A new bipartisan retirement bill introduced in the U.S. House of Representatives last week could provide help to seniors, lower-income employees and workers who are carrying student loan debt.
Rep. Richard Neal (D-Mass.) and Rep. Kevin Brady (R-Texas) proposed The Securing a Strong Retirement Act of 2020. It's also called the SECURE Act 2.0, as it builds on the new law that took effect on Jan. 1, 2020.
The new legislation would raise the age at which seniors must start drawing money from their 401(k) plans and individual retirement accounts to 75.
It would also require administrators of 401(k), 403(b) and SIMPLE plans to automatically enroll eligible participants. And it would let employers contribute to certain employees’ retirement accounts even before the workers start putting money in themselves.
Let’s take a closer look at how The Securing a Strong Retirement Act of 2020 could affect you whether you’ve just entered the workforce or you’ve been retired for years.
Required Minimum Distribution Age Increased to 75
As of December 2019, individuals were required by law to start taking distributions from their 401(k) accounts by age 70.5. The SECURE Act increased that age to 72. Less than one calendar year later, the new legislation proposes to extend the required minimum distribution (RMD) age to 75.
The bill also calls for the RMD to be waived for anyone with less than a total of $100,000 in their retirement accounts on Dec. 31 the year before they turn 75.
Automatic 401(k) Enrollment to Become a Requirement
The SECURE Act 2.0 would mandate that businesses automatically enroll eligible employees in their company retirement plans.
If an employee becomes eligible to participate in 401(k), 403(b) or SIMPLE plan, the bill would expect companies to enroll them at a minimum 3% contribution and a maximum of 10%. Any figure less than 10% would increase by 1% per year until it reached that threshold.
In other words, unless the employee opts out of the plan, the company will divert at least 3% of his or her wages into a retirement plan.
That may sound oppressive if you’re not familiar with company retirement plans. But the federal government defined and approved automatic enrollment as an option back in 1998.
And Democrats on the House Ways and Means Committee cite studies that show automatic enrollment has dramatically increased participation rates among younger, lower-paid employees as well as Black and Latinx employees.
Put simply, many people just don’t make decisions about their 401(k)s during open enrollment periods, so this portion of the bill aims to make it easier. And employees always have the choice to opt out of the plans.
Student Loan Payments Would Qualify for Matching Contributions
Many employer retirement plans offer matching contributions: the company puts in the same amount as you do, up to a certain percentage.
It's a terrific benefit, but many young workers can't afford to contribute to their company retirement plans in the first place, because they're using a lot of their disposable income to repay student loans. Student loan debt has risen to a record $1.6 trillion this year.
If it becomes law, a provision in the SECURE Act 2.0 would allow employers to contribute funds to the company retirement accounts of workers who are paying off student loans — even if the employees themselves aren’t contributing.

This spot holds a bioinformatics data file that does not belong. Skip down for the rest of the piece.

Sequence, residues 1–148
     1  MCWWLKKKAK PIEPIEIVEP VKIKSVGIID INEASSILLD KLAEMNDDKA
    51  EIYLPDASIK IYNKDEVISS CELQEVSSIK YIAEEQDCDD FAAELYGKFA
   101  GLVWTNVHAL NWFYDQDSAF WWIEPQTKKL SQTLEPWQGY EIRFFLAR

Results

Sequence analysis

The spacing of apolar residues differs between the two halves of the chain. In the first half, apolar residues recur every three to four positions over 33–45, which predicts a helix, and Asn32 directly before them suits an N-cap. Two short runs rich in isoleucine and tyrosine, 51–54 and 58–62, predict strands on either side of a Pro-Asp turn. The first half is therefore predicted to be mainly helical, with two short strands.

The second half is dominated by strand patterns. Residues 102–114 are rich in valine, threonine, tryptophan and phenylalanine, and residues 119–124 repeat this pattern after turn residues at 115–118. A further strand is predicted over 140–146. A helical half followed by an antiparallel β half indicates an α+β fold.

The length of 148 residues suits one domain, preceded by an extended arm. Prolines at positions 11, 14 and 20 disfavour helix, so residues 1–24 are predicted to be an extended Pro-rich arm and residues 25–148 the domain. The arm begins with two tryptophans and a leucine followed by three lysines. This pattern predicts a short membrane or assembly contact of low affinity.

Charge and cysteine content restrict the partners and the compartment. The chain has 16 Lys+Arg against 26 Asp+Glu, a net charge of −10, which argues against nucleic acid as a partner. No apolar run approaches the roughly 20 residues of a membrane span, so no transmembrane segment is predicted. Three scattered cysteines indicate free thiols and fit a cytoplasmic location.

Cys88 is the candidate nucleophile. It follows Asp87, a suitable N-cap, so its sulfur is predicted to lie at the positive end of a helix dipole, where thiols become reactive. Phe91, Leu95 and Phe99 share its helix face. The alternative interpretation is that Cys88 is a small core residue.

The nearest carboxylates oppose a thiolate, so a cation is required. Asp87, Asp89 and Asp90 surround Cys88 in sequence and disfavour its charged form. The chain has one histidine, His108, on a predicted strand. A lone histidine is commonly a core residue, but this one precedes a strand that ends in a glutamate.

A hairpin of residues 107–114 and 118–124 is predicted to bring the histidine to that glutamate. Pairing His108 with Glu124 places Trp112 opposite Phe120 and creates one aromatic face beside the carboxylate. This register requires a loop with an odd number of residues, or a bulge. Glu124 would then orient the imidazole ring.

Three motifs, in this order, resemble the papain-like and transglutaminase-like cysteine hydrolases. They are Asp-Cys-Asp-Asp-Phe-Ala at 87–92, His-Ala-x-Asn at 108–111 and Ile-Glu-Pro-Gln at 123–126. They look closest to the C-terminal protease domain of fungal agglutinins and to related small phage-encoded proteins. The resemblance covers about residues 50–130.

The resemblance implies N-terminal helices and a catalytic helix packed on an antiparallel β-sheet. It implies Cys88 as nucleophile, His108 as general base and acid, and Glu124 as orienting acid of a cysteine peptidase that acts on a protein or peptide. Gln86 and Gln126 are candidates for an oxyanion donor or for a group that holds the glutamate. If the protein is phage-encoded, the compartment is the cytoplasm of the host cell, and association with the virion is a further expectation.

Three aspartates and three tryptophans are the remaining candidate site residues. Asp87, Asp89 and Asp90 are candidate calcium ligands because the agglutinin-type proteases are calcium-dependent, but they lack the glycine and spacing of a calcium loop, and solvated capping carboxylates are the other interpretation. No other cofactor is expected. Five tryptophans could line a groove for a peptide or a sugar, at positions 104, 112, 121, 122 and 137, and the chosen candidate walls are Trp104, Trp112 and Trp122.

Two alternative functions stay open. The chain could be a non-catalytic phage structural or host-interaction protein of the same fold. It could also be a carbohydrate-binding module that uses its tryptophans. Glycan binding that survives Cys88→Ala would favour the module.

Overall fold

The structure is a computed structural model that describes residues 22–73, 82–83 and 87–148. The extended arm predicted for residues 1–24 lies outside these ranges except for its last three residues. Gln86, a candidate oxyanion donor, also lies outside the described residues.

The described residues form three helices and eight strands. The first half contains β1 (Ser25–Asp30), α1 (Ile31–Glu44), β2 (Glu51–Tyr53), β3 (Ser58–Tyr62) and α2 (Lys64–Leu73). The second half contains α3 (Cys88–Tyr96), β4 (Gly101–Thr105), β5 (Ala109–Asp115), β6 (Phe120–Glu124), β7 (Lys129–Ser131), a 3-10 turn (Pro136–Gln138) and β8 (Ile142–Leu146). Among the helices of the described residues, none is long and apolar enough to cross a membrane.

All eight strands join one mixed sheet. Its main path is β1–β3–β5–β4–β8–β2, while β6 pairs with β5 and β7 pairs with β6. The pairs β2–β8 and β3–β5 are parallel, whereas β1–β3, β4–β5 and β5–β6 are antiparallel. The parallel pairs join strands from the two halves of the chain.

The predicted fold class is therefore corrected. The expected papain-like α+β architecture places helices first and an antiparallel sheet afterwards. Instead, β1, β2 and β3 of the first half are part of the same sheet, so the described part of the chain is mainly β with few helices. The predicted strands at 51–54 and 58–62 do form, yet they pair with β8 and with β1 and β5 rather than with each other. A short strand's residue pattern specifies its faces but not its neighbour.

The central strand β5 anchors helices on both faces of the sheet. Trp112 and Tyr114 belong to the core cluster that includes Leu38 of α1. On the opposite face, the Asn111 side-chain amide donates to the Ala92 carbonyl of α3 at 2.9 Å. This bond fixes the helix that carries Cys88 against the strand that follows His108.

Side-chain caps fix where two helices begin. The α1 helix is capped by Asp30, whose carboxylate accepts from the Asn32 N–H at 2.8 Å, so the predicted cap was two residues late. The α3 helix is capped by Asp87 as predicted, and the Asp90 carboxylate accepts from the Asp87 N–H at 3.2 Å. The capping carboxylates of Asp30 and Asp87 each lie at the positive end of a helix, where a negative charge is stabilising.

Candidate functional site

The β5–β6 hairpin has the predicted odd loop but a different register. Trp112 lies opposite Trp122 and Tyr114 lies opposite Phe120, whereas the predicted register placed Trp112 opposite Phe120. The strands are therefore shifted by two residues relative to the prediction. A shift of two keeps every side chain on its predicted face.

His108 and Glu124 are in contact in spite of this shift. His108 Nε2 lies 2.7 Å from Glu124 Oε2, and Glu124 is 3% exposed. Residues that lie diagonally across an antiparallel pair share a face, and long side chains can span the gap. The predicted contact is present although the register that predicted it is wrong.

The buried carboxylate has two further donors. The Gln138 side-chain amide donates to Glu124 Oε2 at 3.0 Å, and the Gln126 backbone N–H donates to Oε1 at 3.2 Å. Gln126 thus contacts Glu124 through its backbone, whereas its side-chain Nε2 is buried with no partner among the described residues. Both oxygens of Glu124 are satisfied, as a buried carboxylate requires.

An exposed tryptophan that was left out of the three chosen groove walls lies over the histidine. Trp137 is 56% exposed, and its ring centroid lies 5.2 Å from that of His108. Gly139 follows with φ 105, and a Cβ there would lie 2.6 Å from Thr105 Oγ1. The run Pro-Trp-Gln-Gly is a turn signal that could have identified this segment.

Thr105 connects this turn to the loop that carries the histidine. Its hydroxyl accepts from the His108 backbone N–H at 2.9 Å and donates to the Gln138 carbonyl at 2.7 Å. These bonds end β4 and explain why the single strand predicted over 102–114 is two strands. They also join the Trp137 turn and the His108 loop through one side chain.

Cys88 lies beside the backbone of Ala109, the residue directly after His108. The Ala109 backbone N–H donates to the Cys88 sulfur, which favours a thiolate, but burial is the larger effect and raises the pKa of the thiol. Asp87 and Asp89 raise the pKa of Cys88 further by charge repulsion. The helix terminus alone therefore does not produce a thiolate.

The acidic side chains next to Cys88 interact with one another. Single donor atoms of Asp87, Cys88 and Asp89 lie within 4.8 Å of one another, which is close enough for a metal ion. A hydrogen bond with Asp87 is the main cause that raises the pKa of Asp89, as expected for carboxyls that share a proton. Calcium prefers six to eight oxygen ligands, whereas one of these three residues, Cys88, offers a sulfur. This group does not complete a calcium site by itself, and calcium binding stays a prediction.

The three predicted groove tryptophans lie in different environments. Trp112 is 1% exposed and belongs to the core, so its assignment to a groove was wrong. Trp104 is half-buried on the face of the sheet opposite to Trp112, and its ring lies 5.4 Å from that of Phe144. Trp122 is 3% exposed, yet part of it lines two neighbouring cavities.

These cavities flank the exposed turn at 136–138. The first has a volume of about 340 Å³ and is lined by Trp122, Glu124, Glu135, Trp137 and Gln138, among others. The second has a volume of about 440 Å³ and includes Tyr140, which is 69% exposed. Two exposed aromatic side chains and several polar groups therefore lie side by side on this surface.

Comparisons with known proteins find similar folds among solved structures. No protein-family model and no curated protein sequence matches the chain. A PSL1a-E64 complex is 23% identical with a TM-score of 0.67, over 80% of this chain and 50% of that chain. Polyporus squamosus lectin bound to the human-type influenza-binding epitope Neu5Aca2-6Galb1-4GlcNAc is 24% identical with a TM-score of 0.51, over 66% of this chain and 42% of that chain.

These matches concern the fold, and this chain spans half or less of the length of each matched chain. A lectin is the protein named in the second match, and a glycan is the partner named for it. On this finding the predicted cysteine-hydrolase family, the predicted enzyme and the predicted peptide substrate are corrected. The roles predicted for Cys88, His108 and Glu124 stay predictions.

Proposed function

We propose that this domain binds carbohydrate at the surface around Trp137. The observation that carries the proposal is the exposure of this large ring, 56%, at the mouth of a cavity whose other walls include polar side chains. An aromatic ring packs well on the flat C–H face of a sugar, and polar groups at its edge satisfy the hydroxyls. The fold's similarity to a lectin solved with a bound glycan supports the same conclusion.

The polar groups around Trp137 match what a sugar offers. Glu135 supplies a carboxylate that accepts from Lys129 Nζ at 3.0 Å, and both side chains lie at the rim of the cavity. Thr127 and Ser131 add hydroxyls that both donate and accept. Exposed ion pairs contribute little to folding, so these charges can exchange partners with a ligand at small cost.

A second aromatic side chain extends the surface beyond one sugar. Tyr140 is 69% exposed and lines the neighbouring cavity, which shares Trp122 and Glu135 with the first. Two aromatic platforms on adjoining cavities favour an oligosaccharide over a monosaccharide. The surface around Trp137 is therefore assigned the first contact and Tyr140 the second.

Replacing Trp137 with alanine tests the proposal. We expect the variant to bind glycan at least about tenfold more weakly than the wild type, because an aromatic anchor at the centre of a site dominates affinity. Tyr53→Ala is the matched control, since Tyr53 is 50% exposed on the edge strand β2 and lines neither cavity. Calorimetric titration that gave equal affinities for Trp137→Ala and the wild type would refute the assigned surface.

This program could be a huge relief for many Americans who can’t afford to start saving for retirement early in their careers.
Beneficial Changes to Catch-Up Contribution Rules
If you’re 50 or older, federal law allows you to make “catch-up contributions” to your workplace retirement plan beyond the limit for other workers.
The current annual catch-up contribution limit is $3,000 for SIMPLE plans and $6,500 for 401(k) plans. This bill proposes an increase to $5,000 and $10,000, respectively, for those aged 60 and older.
The catch-up contribution limit for Individuals Retirement Accounts (IRAs) is $1,000 but currently is not indexed to inflation. In other words, that $1,000 is worth relatively less each year due to inflation.
The SECURE Act 2.0 would index the IRA catch-up limit to inflation beginning in 2022. This would also apply to SIMPLE and 401(k) catch-up limits.
Other Proposed Retirement Savings Changes
The Securing a Strong Retirement Act of 2020 also proposes to:
- Simplify the rate structure of the $1,000 saver's tax credit for low and middle-income individuals by reducing to a single 50% rate.
- Increase the saver's tax credit to $1,500 per person and increase the maximum income eligibility amount.
- Award small employers a three-year tax credit of up to $500 annually for every military spouse they hire, provided the company makes those employees eligible for retirement plan participation within two months of getting hired.
- Create a national, online "lost and found" for American retirement accounts. It would include companies trying to locate former employees to pay benefits and former employees trying to recover benefits from companies that may have moved, changed names or merged with a different company.
- Allow employers to offer small financial incentives such as gift cards to employees who contribute to a retirement plan.
Regardless of your politics, it’s always nice when there’s bipartisan sponsorship of legislation that would benefit many members of the American public financially.
Saving for retirement can be challenging. The Securing a Strong Retirement Act of 2020 proposes changes that could help people grow their workplace retirement accounts. Other sections of the bill would relax rules to benefit small businesses.
If it passes, the bill could help millions of Americans in some way, whether they’re still working or drawing down funds in retirement.
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